On Slide 18, we show our daily operating expenses and management fees compared to industry average reported at about 8,000, with our lean operations contributing to Safe Bulkers’ net income. On Slide 19, we present the net debt per vessel together with the fleet expansion. We maintain low interest expense, as evidenced by our debt per margin levels. We will retain more earnings in the company to further strengthen our balance sheet and our liquidity. We intend to finance our new build programs from equity and debt, while we maintain a comfortable debt to asset ratio and comply with our financial covenants.

On Slide 20, we present our liquidity and our ability to finance our capital expense requirements. As of February 15, 2013, our liquidity was 182.6 million, while our capital expenditure requirements were 193.5 million. I have not included our operational cash flows, which is supported by our contracted period of time charters. We also have the ability to raise additional indebtedness against two existing and seven unencumbered contracted vessels upon their delivery, providing us with further financial flexibility. The excess cash and low charter markets can be used either for debt repayments in order to deleverage our balance sheet or to be used as equity for further expansion.

On Slide 21, we present historically our quarterly earnings per share and our quarterly dividends. Our Board has declared a dividend in the amount of $0.05 per share payable on the 18th of March. At this point, I would like to point out that as presented in slide 22, we remain committed to returning cash to our stockholders. We continue to actively manage our orderbook to selective reductions in newbuild acquisition costs, prolonging existing newbuild deliveries and opportunistically acquiring newbuilds and second hand vessels at attractive prices.

We maintain our low financial costs by continuing to make [active] repayments to our banks in order to ensure compliance with our financial covenants. We have a lean and efficient cost structure in relation to operating expenses, management fees, and general and administrative expenses. We believe it is important to preserve liquidity in this environment as we aim to further strengthen our balance sheet and deleverage our Company while maintaining the ability to make additional acquisitions in the depressed asset market timely for the next upward shipping cycle.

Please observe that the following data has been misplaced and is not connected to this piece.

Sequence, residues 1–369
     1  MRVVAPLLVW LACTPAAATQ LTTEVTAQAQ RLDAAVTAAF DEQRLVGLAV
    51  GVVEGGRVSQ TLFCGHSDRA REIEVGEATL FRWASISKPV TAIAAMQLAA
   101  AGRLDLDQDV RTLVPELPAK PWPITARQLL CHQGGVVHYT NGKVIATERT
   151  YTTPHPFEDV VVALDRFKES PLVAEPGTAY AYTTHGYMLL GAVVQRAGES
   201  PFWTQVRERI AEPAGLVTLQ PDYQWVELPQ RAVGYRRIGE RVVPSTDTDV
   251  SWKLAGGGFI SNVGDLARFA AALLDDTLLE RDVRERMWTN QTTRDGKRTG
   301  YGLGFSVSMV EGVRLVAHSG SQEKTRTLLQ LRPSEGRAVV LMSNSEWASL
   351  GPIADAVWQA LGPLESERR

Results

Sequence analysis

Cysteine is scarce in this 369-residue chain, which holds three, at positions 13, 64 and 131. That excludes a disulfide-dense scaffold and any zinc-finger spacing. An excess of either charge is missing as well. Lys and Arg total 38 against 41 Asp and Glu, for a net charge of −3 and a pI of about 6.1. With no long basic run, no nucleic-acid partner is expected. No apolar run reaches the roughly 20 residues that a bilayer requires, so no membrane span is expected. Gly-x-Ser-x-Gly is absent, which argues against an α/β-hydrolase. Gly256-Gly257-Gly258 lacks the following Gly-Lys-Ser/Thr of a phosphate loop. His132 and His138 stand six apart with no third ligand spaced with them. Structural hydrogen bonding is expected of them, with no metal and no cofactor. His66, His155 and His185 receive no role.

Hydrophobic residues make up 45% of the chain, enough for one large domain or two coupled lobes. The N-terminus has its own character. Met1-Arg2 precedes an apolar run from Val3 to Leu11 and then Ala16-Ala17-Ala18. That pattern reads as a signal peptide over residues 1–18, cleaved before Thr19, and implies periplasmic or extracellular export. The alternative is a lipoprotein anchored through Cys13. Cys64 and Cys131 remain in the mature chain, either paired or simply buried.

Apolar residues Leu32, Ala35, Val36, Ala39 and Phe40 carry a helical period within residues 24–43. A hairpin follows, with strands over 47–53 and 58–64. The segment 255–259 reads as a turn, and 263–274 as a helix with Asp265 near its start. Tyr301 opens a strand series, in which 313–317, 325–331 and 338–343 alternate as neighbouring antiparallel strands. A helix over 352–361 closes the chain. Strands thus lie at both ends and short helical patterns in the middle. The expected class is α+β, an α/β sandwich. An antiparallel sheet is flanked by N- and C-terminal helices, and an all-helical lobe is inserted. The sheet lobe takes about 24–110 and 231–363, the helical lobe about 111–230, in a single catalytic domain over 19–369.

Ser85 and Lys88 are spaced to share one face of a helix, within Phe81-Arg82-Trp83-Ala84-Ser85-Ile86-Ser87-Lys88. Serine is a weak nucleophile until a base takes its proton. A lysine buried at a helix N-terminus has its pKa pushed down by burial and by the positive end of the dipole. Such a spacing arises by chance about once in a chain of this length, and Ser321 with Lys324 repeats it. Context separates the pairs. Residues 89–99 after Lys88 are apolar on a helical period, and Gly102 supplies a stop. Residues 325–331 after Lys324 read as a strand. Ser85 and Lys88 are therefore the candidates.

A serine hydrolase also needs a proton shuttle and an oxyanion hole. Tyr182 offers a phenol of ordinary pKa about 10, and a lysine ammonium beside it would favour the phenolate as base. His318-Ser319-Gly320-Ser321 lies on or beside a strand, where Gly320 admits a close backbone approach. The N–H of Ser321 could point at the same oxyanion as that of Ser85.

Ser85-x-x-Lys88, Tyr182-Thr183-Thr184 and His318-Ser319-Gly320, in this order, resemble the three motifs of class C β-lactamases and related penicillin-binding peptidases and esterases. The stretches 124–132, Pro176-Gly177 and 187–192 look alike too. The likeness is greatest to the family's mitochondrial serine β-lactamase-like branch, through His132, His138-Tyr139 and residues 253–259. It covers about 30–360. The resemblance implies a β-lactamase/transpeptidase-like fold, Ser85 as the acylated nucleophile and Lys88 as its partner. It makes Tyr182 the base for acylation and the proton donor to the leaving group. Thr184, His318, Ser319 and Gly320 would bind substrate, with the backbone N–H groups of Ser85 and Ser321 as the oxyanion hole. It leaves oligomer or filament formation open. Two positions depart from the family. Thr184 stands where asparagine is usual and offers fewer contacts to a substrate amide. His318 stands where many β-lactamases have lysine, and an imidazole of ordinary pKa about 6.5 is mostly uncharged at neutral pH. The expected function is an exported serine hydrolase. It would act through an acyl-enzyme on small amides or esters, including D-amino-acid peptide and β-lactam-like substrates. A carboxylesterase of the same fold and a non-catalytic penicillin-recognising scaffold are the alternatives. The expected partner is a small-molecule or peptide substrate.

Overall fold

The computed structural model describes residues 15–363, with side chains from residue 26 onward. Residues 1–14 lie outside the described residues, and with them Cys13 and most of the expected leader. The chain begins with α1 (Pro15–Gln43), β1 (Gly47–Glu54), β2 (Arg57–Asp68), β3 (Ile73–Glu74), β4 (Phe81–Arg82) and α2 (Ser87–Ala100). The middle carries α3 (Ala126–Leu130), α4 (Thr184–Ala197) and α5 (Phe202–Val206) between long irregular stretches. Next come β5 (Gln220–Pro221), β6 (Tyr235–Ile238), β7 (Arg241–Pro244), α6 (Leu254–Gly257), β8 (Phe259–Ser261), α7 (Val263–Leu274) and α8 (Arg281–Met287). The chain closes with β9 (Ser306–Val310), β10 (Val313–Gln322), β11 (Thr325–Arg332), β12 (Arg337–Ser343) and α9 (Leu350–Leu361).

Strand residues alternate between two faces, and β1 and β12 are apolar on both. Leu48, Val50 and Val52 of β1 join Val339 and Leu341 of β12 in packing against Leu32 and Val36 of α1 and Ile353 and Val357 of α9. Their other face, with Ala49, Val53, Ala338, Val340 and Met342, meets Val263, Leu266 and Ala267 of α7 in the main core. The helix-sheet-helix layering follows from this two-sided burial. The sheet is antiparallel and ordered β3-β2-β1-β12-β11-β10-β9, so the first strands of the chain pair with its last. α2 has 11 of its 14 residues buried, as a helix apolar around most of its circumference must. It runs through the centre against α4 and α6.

Our Chief Financial Officer, Konstantinos Adamopoulos will now present in detail our financial results.

Konstantinos Adamopoulos

Thank you, Loukas, and good morning to you all. Moving on to slide 23, we present the operating highlights for the fourth quarter of 2012 and 2011. As of 31st December 2012, we owned and operated 24 vessels and we achieved the utilization rate of 99.2% compared to 18 vessels and the utilization rate of 99.1% during the same period of last year. The average daily time charter equivalent per vessel for 2012 was $22,979 compared to $27,932 for the same period of last year. For the fourth quarter of 2012, daily running expenses increased slightly by 0.5% to $4,511 compared to $4,487 in the same period of last year.

Slide 24, illustrates the comparison of selective three months financial key points of our performance. For the quarter ended 31st December 2012, and the respective figures of the last quarter of last year. For the fourth quarter of 2012 net revenues increased by 8% to $46.4 million from $42.9 million in the respective field of last year. Net income for the quarter of 2012 was $32.2 million, up 36% from net income of $23.6 million in the same period of 2011.

Adjusted net income for the same quarter of 2012 was $20.5 million compared to $24 million during the same period in 2011. The increase in net income is mainly attributed to the net effect of the following factors. Net revenue of $46.4 million compared to $42.9 million, vessel earning expenses of $9.8 million compared to $7.2 million; depreciation of $8.8 million compared to $6.6 million; adding delivery income of $11.7 million compared to $100,000; interest expense of $2.9 million compared to $1.5 million for the relevant quarters of 2012 and 2011 respectively.